2 heart attack survivors share a new interest in running

C.J. Lin is a staff writer for the Daily News and is training with our newest LA Roadrunners program in Westlake Village. C.J. will be sharing her experience training for her first Honda LA Marathon, as well as featuring the runners from her group as they journey together to completing 26.2 miles.

By C.J. Lin, Daily News Staff Writer
Updated: 11/21/2011 07:34:02 PM PST

Six years ago, Barry Zweben and Michael Moline never thought they’d be training for their first-ever L.A. Marathon.

The two men, both now 54, became close friends through a shared, but unfortunate, set of circumstances: They both had heart attacks. Zweben underwent a quadruple bypass surgery and Moline had a six-way bypass surgery at Tarzana Medical Center.

“When they cracked open my chest, the pain was so bad,” said Moline of Agoura Hills. “I’m just afraid of ever having that pain again. I remember consciously, being in my hospital bed, really believing that I’m going to be living minute to minute. Slowly that evolved hour to hour.”

They met while at a cardiac rehab gym in Tarzana and have been working out four to five days a week since.

And now, they’re healthier than ever. What better time to tackle the daunting 26.2 miles of the marathon?

Which is probably why they’ve decided to take on the task after joking about it for years. Moline had always asked Zweben when he was going to do the marathon, and Zweben would laugh it off. But this year, Zweben told him: “I’ll do it if you do it.”

So the two train with the L.A. Roadrunners in Westlake Village on Saturdays. They’re not doing the race at a full-out run for fear of injury or overburdening their hearts. They’re heading into it with a fast walk that should see them finish in a little more than six hours.

Time isn’t an issue for them; it’s completing the race and getting a second chance to cross it off their bucket list.

That, and hopefully inspiring others as ambassadors for heart health by encouraging a good diet and lots of exercise.

“Our story might give others, who find themselves in similar circumstances, the encouragement to try this as well,” said Zweben, who’s from Chatsworth.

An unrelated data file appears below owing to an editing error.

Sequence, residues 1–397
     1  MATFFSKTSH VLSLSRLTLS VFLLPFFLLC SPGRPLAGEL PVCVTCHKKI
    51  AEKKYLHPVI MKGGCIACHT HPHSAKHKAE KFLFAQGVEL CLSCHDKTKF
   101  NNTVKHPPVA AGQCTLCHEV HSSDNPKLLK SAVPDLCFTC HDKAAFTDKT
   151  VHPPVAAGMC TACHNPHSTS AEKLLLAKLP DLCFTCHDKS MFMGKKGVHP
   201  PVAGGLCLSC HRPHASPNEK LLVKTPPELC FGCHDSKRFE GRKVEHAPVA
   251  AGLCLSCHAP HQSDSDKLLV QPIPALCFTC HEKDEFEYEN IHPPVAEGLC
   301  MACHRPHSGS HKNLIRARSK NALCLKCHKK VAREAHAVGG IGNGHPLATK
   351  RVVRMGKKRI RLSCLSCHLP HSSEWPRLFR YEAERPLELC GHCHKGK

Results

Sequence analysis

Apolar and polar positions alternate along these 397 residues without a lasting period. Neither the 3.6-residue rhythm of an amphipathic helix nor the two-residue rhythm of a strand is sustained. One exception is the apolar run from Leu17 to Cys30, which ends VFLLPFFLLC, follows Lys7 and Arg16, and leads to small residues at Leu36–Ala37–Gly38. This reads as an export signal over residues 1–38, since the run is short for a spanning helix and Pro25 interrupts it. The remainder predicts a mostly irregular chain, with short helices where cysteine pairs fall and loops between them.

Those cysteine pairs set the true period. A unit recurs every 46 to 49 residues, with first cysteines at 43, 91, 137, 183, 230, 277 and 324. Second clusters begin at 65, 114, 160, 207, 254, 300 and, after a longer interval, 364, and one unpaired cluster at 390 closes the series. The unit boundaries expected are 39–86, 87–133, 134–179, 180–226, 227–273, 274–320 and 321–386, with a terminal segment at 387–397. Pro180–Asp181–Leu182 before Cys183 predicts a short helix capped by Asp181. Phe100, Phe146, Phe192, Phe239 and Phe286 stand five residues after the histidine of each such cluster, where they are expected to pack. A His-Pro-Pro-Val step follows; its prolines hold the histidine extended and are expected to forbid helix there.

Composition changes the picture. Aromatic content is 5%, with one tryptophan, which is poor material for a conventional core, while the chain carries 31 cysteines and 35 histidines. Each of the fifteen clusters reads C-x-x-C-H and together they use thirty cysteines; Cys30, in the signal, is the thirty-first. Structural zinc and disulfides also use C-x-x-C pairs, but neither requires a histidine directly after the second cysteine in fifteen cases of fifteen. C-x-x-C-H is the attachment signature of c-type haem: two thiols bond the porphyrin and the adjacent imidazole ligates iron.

“I know what it’s like to rediscover what it felt like when I was younger,” said Moline. “It would allow me to tell people if you do this, you can run a marathon.”

They’re so lucky that they have each other to train with and then run the race with. The long miles zip by faster when you have someone to chat with, keep your mind off the pain and tell you to keep going because they know you can.

“It’s much easier when you have a friend with you,” Zweben said. “Because it motivates you to keep going.”

Don’t I know it.

I’m supposed to be running three to five miles every other day, but more often than not, that “run” is more of a “walk.”

It’s not that I can’t physically do it. It’s just that I don’t want to for some reason. I guess it could just be my natural dislike for running.

But I recently ran and actually finished my first-ever race, the Race for Rescues at the Rose Bowl to raise money for animal shelters. It was only a 10K – 6 miles. I couldn’t have done it without my buddy Mike Tang. He kept my snail’s pace with me, and made the six miles much easier to bear.

I need someone to train with, someone whose presence alone will shame me out of my laziness and secretly embarrass me into doing my best.

Someone like Moline is to Zweben, or Zweben is to Moline, although they don’t need any extra motivation. They’ve already been through the wringer, and are happy that they’re even able to be doing this.

Which I guess does shame me a bit, now that I think about it. I guess I just need to just shut up and run.

SUNDAY, MARCH 9, 2014